Underscoring the extent to which the increasingly anti-democratic GOP has embraced former President Donald Trump's groundless and dangerous accusations of widespread voter fraud in last year's presidential race, a new analysis by the Washington Post shows that hundreds of Republican candidates expected to compete in upcoming contests have endorsed Trump's "big lie" that the 2020 election was stolen.

"What's really frightening right now is the extent of the effort to steal power over future elections."
—Colorado Secretary of State Jena Griswold

"Of the nearly 700 Republicans who have filed initial paperwork with the Federal Election Commission to run next year for either the U.S. Senate or the House of Representatives, at least a third have embraced Trump's false claims about his defeat," the Post reported Monday.

At the federal level, there are dozens of "current Republican officeholders, lining up to seek reelection, who have backed Trump's efforts over the past eight months by questioning the validity of the 2020 result, taking legislative votes, or signing on to official efforts to overturn it," the newspaper noted, adding that 136 of the GOP's candidates for next year's vital midterm races are current members of Congress who voted against the certification of President Joe Biden's Electoral College victory on January 6.

Trump's falsehood that he would have been victorious last November had it not been for cheating Biden supporters was enthusiastically taken up by the GOP at the state level, too. Despite a complete lack of substantiating evidence, that fabrication continues to be invoked by right-wing candidates hoping to win office this year or in 2022.

"Of the nearly 600 state lawmakers who publicly embraced Trump's false claims, about 500 face reelection this year or next," the Post noted. "Most of them signed legal briefs or resolutions challenging Biden's victory." Moreover, at least 16 of them participated in the deadly riot at the U.S. Capitol on January 6, during which a mob of Trump's supporters sought to reverse his loss.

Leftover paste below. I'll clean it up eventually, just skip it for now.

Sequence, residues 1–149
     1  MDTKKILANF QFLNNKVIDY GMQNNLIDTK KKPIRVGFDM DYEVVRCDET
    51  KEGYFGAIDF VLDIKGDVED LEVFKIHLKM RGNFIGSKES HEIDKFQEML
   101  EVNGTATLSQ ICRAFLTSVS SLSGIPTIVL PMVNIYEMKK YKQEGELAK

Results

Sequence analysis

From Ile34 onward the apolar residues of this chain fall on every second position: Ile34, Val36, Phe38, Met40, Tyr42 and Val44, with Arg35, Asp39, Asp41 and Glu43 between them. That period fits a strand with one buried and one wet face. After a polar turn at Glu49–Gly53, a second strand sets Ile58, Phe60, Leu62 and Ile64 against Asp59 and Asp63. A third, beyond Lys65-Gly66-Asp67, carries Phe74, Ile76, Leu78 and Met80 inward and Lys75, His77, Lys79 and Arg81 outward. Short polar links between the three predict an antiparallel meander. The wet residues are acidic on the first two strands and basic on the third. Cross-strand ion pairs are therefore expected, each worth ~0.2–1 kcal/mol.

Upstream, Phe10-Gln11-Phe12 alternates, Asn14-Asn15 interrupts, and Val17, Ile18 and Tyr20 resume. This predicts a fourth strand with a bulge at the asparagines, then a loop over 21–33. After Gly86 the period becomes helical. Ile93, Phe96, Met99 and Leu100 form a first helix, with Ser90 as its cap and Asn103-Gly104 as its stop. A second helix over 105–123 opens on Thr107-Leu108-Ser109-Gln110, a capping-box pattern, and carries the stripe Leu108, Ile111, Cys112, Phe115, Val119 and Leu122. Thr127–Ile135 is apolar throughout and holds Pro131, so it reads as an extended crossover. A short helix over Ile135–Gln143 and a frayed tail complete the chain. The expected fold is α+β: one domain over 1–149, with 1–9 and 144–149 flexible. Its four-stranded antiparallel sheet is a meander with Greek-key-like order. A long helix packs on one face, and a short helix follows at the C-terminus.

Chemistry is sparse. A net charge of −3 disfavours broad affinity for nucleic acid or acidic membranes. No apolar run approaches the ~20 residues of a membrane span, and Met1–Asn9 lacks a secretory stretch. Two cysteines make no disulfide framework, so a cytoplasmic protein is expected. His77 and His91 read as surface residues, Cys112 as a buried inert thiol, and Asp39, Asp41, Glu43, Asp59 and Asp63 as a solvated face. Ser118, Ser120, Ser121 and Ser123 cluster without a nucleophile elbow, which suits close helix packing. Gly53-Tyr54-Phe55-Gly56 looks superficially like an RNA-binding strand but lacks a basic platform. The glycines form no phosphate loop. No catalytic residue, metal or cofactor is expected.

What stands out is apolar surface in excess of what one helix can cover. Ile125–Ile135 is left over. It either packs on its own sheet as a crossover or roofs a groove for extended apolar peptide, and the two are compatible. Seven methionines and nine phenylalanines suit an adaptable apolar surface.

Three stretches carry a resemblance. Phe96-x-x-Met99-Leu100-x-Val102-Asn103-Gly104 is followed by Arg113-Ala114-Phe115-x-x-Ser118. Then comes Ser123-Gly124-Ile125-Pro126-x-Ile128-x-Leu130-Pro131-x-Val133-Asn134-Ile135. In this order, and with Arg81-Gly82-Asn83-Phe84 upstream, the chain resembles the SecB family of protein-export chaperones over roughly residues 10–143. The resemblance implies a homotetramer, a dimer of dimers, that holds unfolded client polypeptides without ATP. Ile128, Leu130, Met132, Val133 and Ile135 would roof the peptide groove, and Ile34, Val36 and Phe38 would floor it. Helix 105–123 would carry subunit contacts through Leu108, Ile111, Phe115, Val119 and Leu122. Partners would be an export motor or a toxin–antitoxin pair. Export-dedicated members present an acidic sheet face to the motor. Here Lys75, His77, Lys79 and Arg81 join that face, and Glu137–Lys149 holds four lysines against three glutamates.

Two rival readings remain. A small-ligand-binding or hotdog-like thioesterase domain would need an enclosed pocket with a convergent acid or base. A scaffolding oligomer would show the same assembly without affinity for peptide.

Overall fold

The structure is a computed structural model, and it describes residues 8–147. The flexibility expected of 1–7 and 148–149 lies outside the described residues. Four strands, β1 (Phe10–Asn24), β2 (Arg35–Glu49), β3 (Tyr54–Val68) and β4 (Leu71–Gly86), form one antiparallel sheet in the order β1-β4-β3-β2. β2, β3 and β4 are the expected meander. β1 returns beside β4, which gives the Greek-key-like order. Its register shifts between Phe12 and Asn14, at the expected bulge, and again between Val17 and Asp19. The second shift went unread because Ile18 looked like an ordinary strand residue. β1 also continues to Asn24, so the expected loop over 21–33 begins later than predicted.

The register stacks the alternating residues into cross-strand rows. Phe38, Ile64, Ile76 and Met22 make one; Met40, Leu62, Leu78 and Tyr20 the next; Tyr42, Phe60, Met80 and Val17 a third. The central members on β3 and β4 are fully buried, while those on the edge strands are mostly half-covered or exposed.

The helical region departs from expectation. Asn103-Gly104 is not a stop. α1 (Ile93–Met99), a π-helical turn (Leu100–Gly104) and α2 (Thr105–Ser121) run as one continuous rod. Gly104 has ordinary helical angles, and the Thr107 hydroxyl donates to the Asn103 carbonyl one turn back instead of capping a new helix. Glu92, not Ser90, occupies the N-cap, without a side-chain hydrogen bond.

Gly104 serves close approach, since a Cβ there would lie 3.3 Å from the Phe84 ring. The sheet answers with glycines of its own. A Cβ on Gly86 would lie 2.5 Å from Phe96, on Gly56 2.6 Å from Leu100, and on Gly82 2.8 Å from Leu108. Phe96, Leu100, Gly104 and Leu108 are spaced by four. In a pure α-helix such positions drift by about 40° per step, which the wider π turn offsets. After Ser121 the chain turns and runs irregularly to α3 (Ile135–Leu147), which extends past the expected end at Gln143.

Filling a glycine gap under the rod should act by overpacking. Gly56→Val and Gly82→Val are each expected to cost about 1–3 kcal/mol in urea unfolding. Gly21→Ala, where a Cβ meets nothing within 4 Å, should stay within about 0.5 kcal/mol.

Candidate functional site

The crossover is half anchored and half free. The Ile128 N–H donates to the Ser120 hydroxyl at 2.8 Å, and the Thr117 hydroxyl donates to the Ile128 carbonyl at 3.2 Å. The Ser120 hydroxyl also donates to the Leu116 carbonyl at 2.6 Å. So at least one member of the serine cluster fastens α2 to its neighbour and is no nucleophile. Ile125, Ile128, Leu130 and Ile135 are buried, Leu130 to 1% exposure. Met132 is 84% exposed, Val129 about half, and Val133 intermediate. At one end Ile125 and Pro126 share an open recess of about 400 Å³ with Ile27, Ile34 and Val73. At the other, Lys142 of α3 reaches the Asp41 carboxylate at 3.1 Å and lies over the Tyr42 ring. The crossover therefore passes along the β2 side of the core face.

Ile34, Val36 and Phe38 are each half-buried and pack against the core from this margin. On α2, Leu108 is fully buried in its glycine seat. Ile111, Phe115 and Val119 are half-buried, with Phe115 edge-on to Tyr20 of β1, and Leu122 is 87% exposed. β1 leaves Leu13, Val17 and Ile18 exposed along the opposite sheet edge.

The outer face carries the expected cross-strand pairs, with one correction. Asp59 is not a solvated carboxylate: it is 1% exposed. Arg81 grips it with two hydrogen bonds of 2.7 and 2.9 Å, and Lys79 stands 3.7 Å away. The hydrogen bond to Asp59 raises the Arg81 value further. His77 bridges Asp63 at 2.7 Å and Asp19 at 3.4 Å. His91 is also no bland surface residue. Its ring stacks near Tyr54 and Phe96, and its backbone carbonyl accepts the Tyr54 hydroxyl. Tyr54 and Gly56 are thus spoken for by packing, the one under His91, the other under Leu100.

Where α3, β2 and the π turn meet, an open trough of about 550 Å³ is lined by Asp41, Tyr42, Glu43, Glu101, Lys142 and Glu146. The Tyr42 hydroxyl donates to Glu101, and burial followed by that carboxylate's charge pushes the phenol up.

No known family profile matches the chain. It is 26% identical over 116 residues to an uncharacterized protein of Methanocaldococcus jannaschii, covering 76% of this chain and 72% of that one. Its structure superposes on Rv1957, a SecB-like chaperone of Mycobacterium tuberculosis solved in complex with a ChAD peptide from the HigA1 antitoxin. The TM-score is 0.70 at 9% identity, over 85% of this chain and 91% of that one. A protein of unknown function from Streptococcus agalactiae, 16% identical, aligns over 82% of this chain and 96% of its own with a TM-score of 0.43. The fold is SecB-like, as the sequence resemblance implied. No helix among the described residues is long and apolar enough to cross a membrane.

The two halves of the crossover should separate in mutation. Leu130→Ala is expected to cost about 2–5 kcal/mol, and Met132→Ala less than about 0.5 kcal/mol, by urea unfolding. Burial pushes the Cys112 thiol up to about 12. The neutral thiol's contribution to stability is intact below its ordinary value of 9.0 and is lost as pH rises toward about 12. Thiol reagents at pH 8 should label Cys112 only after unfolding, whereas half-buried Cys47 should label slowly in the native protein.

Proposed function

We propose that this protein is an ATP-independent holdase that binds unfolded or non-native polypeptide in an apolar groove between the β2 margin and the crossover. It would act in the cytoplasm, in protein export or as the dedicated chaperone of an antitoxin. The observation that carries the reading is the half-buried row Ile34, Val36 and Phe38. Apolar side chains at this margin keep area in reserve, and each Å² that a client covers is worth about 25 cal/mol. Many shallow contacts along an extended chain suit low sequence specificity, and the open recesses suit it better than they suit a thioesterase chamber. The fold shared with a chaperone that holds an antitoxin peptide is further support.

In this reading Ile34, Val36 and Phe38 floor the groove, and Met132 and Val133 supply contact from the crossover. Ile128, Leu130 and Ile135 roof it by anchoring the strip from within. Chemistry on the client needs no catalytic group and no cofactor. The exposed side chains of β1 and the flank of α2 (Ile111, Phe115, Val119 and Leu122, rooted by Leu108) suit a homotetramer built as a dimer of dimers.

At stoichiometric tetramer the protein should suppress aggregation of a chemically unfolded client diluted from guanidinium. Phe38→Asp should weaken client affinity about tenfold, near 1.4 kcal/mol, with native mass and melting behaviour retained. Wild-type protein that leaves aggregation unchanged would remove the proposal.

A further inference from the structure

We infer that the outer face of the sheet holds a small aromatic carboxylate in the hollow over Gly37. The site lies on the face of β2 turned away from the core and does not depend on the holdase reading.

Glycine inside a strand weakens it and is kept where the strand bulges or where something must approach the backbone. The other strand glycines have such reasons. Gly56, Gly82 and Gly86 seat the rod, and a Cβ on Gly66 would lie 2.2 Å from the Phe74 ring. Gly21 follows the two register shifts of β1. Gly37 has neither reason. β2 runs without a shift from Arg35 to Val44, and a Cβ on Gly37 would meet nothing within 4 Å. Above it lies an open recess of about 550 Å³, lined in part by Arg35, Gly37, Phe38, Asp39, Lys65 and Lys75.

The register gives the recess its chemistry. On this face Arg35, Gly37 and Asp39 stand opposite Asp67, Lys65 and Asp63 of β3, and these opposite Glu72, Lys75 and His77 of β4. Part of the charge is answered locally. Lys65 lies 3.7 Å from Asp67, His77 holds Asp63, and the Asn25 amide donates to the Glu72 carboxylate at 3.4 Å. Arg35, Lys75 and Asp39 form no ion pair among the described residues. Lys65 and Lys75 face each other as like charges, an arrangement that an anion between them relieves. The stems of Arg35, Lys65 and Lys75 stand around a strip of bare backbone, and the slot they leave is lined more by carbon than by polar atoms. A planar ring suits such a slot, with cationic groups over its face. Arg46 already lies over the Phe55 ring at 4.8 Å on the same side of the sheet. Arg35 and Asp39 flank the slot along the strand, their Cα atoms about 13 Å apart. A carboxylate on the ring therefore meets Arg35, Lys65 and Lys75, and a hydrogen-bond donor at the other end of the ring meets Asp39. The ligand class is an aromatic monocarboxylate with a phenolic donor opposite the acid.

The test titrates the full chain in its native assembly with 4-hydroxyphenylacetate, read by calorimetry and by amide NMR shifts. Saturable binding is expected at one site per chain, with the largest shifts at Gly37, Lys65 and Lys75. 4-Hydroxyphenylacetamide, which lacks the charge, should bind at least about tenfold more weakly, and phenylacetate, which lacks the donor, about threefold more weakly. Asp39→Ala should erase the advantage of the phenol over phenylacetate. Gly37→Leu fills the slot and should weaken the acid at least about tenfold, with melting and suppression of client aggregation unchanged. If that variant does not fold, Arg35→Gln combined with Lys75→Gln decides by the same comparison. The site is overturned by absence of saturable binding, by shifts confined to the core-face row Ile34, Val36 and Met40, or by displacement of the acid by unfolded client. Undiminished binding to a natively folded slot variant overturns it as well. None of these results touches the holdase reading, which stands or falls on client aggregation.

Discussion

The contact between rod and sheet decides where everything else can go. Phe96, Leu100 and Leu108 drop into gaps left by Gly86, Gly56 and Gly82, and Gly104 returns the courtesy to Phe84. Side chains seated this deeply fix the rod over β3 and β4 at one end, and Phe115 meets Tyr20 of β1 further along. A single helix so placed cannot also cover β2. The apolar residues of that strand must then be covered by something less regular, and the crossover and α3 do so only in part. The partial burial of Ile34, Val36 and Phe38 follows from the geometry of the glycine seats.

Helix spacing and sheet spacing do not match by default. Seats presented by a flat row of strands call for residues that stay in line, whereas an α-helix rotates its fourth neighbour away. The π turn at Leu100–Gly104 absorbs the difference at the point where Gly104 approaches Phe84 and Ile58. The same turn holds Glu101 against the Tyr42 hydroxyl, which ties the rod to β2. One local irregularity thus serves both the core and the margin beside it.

Although the violent coup attempt carried out six months ago failed, the lies that sparked it have been "weaponized," in the words of voting rights expert Ari Berman, to fuel a wave of voter suppression bills nationwide. Meanwhile, right-wing media outlets and GOP lawmakers—who in May voted against the establishment of an independent January 6 commission and last week opposed the formation of a House select committee to investigate the attack—have engaged in a successful effort to minimize the severity of the insurrection or misattribute blame for it, The Guardian reported Tuesday.

As of May 14, Republican lawmakers in 49 states had introduced at least 389 bills that would either make it harder for millions of Americans—especially communities of color and other Democratic-leaning constituencies—to vote, or grant state legislatures more power to shape electoral outcomes in ways that undermine the will of voters, according to the Brennan Center for Justice's latest tally.

While 22 of the GOP's proposed voter suppression bills have been signed into law in 14 states so far, 61 bills are moving through 18 state legislatures, and the potential election of more pro-Trump candidates increases the likelihood of the enactment of measures restricting access to the ballot or empowering right-wing lawmakers to overturn results they deem unfavorable.

The Post reported that "dozens of candidates promoting the baseless notion that the election was rigged are seeking powerful statewide offices—such as governor, attorney general, and secretary of state, which would give them authority over the administration of elections—in several of the decisive states where Trump and his allies sought to overturn the outcome and engineer his return to the White House."